Um, the fifth one or fourth one, sorry, um, is shared values. So this one’s a little hard to conceptualize. I think even for myself when I was reading through it for the first time, um, but it’s kind of looking at what are your values and ethics around sex. And this gets kind of into the broader conversation about our ethics and values around sex in society and in our culture in general. Um, and on more of like a basic level, just different things that turn people on or different sexual acts can have different meanings and have different values around them to different people. So being clear on, you know, do we both want the same thing out of this sexual encounter? Um, is this thing that we’re going to do may be comfortable to me, but is it going to be something that’s uncomfortable to you because of your values and ethics around sex?

A broader way of looking at that is looking at our culturally shared values around virginity. That that is a big moment and milestone and our lifespan around sex and sexuality. And there’s no real consensus around what age that should be at, that we lose our virginity, um, and have our first sexual experience. So that is something in a broader term in our culture and society that we look at as where do we have shared values on that, um, in looking at values and ethics around sex.

So number five is, are you being safe from STIs, HIV, and lowering your risk for pregnancy? So this is kind of the one that we all are taught. If you got any type of sexual education outside of just abstinence only. Um, that usually we’re taught, don’t get pregnant and try to prevent from getting any that used to be called STDs. Now we call it STIs for infections because most of the things that we can get through, um, being sexually transmitted are infections that can be treated and cured. Um, but things such as HIV, um, are definitely not a death sentence anymore and are definitely manageable. But you do have to manage those for the rest of your life if you are infected. Um, so thinking about, am I using condoms or are we talking about using condoms to have a dual purpose of preventing pregnancy? If you were having sex with somebody that has a vagina and uterus, um, and can get pregnant, um, and then also preventing the spread of any sexually transmitted infections, um, or HIV. Um, are we using birth control of other forms if we are choosing not to use a condom.

Um, are we using prep and prep is preexposure prophylaxis, and that is for people that do not have HIV, but are, um, at risk to the exposure of HIV, through a partner or shared needles or something like that. It’s a medication that’s taken daily, um, to help prevent getting HIV. Um, so those are things to consider in being safe and making sure that, um, everybody is understanding of if there are any STIs that a partner has, um, their risk exposure to something and what are the barriers that we are going to use to mitigate that risk.

Um, and then last one is mutual pleasure. So this is really important because pleasure is not usually something that is talked about like ever, um, for anyone kind of across the spectrum. I think, um, it’s just something that we tend to shy away from around sex because that means that we actually enjoy sex. OH MY GOD. Um, and that’s usually not something that we talk about. So no matter who you are, what partners you have, um, having everyone partake in pleasure and have that pleasure be, um, considered and also attuned to, attended to, um, making sure that, you know, if one person gets off, then they are trying to do whatever they can or ask how they can help the other person get off as well.

But it’s not just getting off and having orgasms, but still, um, you know, not just having it be solely focused on one person unless that’s already agreed upon. Um, so really just taking, taking into account, um, what pleasure looks like for everyone in the situation. And I think this is especially important for heterosexual couples, because again, we tend to only hear about male response and sexual pleasure and still as a society, we do a horrible job in talking about female pleasure. Um, and so oftentimes unless boys and men grew up with women in their lives that talked about sex and were open about their sex and sexual pleasure, or they have had relationships where they started to understand that them having an orgasm is not the end of a sexual encounter, um, that they also need to be, um, looking at what their partner needs and what is going to help them have pleasure, um, is very important.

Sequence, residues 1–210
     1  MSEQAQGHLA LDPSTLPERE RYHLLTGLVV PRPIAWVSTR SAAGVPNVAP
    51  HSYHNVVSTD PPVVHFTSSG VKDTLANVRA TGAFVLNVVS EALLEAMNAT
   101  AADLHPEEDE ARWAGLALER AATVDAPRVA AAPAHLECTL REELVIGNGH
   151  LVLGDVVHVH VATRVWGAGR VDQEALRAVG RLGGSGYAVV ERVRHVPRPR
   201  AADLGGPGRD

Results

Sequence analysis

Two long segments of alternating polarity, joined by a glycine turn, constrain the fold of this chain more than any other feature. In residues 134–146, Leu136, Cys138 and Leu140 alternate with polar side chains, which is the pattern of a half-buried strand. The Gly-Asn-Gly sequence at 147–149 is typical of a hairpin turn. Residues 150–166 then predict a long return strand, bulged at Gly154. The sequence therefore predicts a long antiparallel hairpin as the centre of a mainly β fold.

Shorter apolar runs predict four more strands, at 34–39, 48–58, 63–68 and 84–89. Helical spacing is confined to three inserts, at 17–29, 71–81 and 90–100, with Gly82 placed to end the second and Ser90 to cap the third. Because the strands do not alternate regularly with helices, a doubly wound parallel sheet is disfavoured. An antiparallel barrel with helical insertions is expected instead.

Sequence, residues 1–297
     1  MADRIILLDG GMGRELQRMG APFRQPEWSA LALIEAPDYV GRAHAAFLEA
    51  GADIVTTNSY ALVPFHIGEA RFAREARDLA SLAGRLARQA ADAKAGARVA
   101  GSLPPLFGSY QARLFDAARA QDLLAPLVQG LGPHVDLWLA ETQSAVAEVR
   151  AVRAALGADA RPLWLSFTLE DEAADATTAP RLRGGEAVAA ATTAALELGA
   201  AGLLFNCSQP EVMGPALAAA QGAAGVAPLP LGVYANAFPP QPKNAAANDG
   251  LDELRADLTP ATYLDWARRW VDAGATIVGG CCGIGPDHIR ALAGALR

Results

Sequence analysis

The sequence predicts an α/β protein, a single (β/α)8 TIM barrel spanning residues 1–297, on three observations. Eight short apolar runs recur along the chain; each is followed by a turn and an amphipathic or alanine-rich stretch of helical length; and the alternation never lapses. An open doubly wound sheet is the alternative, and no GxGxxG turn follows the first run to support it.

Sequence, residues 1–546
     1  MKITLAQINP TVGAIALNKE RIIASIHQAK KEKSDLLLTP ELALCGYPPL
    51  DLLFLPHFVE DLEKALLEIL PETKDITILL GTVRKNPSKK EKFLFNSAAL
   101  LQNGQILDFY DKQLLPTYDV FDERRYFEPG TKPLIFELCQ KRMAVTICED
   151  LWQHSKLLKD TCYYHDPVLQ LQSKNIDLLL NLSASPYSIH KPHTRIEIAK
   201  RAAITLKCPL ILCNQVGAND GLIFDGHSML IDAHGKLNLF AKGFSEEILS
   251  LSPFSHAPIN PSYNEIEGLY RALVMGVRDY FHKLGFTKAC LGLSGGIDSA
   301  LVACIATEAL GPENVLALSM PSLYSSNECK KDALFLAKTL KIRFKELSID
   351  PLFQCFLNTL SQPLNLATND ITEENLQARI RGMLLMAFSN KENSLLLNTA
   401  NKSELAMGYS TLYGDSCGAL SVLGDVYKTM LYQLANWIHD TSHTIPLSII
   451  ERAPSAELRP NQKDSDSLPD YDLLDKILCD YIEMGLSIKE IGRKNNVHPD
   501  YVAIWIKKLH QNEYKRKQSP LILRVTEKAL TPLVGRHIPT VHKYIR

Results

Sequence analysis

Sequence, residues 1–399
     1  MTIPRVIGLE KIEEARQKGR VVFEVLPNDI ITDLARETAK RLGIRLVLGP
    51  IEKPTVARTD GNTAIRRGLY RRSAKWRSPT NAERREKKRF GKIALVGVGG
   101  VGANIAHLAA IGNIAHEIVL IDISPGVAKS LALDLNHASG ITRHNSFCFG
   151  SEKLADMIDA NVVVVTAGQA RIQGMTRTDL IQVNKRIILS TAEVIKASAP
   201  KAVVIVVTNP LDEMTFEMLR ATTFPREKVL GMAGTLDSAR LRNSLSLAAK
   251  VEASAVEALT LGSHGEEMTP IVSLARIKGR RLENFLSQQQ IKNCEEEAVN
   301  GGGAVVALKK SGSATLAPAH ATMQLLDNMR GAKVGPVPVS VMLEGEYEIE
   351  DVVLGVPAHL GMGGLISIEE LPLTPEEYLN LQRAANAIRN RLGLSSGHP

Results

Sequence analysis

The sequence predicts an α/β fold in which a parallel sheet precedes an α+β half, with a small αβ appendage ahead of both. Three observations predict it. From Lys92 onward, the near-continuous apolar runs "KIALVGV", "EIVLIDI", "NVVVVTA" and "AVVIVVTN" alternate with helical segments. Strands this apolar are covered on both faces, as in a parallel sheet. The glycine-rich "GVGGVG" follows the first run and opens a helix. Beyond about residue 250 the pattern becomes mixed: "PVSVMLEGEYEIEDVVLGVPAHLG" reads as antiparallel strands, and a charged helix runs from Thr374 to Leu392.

So, um, that is the last principle. Um, so those are the six principles to sexual health and what you should really be thinking about before entering into a sexual encounter with somebody. Um, and some of these things are more things that you can kind of process on your own and understand, okay, how can I then bring that up with a partner? Um, or how can I make sure that that’s something that I am holding accountable in myself, um, to getting consent, to making sure that’s non exploitive, to being honest about what I need, what I want, seeing, if there are shared values from your conversations with that person. Um, definitely having the safety conversations. That Is a conversation that you need to have with every sexual partner, um, and then making it mutually pleasurable for everybody. And that does take conversation too, because everybody’s body is different.

Um, and what is pleasurable for maybe a previous partner may not be the same for the current partner that you’re wanting to engage with. So, um, those are things to think about. Um, that’s it for me today. Um, ways that you can find me if you were wanting to inquire about my services, my website is reclaimingstoriestherapy.com. Um, and if you go to my contact page or any of my service pages, there is a fillable form that you can fill out. And I would be more than happy to get back to you and talk to you about therapy services and if we could work together. Um, you can also find me on Facebook and Instagram @reclaimingstoriestherapy. Um, and my YouTube channel is The Millennial Therapist – RS for Reclaiming Stories. Um, and I hope you all are doing well. I know it’s still really hard time out there. Um, but hopefully this gives you some things to think about, okay, until next time take care and I’ll see you then. Bye.

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5224 Olympic Drive, Suite 109
Gig Harbor, WA 98335

(253) 525-2424